Is the term "arithmetical formula" used also for formulae containing nonlogical symbols? I need a proffessional term for describing the simplicity of the formula "∀a ((Y(X(a))=a) ∧ (X(Y(a))=a))", e.g. by saying that it's "arithmetical", or that "its (second order) language is empty", and the like. What would you suggest? HOOTmag (talk) 16:19, 18 February 2010 (UTC)
The term "arithmetical formula" is used for formulas in the language of higher-order arithmetic that have only natural number quantifiers (or no quantifiers at all). So yes there can be non-logical symbols, but this is a specific language I am talking about.
For your original formula, if you are not working in the context of higher-order arithmetic, I would simply say that the formula "has only type 0 quantifiers". — Carl (CBM · talk) 16:29, 18 February 2010 (UTC)
The context is mathematical, i.e. the domain of discourse is the class of numbers.
Note that the formula I'm talking about is simpler than formulae that have "only type 0 quantifiers", because "my" formula (when built in a second order language) has just logical symbols. So, for exhausting its simplicity, should I call it: "an arithmetical formula in an empty logical language"? Again, note that the domain of discourse is the class of numbers...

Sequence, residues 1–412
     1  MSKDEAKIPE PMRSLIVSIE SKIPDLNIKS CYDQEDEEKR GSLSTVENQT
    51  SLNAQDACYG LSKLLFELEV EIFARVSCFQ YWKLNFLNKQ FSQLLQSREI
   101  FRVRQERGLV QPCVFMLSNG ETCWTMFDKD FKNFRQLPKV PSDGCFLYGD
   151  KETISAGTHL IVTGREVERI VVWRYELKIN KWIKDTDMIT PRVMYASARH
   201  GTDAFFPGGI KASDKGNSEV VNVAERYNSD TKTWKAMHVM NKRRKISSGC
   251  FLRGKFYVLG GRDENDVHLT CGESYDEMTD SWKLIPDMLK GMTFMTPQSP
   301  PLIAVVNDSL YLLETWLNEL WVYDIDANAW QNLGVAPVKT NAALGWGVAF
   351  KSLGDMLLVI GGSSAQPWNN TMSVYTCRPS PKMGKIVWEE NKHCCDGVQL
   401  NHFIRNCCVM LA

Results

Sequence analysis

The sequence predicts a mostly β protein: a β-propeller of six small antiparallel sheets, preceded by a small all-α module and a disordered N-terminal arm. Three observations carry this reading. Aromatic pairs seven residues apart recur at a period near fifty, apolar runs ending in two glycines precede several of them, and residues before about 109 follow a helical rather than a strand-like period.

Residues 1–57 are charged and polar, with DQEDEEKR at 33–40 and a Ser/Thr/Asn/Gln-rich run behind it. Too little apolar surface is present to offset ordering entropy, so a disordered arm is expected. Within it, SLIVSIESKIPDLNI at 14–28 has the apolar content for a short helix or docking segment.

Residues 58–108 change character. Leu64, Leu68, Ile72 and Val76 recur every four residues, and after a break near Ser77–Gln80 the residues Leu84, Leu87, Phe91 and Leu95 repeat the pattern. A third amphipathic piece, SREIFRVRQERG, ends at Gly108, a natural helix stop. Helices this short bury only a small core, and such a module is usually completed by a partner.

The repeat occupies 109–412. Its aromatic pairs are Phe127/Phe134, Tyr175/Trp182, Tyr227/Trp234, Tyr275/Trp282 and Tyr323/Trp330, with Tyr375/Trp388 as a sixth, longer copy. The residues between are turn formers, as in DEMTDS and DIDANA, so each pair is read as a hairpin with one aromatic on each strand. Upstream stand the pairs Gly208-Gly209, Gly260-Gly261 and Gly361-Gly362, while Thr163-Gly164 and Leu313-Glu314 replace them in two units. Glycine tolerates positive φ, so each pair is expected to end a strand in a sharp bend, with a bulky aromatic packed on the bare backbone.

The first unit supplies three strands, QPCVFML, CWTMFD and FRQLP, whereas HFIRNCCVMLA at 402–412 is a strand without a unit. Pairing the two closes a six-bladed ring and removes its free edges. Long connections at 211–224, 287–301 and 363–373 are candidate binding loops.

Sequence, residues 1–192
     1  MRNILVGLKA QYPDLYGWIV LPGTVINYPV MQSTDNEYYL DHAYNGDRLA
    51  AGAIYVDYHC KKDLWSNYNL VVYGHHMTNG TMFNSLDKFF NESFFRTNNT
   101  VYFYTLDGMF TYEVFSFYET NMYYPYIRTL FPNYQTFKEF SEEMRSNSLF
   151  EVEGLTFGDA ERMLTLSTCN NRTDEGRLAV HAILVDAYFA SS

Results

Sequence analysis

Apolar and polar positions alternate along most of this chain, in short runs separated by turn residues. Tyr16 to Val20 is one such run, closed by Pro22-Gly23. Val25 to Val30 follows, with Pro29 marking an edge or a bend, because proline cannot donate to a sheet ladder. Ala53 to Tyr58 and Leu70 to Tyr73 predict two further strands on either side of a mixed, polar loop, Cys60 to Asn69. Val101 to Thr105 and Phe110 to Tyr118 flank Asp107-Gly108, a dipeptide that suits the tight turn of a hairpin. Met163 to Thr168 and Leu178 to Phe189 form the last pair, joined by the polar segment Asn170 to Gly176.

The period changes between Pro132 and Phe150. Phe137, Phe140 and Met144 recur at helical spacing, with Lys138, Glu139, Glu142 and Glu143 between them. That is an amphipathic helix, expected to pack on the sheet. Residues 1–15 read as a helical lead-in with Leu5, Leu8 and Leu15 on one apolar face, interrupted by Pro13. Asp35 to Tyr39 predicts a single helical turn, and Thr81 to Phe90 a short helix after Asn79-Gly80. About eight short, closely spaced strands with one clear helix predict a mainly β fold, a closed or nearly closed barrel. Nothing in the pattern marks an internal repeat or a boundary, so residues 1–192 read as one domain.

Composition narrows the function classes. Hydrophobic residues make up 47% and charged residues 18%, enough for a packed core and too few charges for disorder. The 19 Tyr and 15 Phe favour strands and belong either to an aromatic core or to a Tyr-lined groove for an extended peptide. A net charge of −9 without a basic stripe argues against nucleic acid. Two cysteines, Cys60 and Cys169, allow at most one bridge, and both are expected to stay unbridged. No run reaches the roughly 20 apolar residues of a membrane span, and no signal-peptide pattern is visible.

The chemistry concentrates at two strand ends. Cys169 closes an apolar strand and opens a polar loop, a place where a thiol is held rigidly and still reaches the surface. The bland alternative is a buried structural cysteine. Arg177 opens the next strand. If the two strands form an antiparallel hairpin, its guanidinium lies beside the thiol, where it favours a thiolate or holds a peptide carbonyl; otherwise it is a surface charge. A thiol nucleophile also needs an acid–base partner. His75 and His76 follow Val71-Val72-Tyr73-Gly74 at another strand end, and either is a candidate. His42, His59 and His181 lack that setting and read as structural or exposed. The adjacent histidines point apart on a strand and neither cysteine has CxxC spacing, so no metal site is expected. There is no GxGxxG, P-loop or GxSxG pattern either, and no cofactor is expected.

HOOTmag (talk) 16:44, 18 February 2010 (UTC)
Usually, the property that a formula only has equality is not considered very important. In particular, in the language of arithmetic, equality is the only predicate symbol. — Carl (CBM · talk) 16:51, 18 February 2010 (UTC)
Yes, but again: note that - not only do my formula have no predicate symbols other than equality, but it also has no function symbols! So, it's simpler than most of the formulas that have only type 0 quantifiers, isn't it?
For giving an exhaustive description of the simplicity of my formula, shouldn't I say that it "has only type 0 quantifiers and is formulated in an empty logical language"?
HOOTmag (talk) 17:34, 18 February 2010 (UTC)

Wikipedia:WikiProject Military history/Style guide has been marked as a guideline

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hi

hey howlong u been on here —Preceding unsigned comment added by Babygirl100 101 (talkcontribs) 17:12, 19 February 2010 (UTC)

Thanks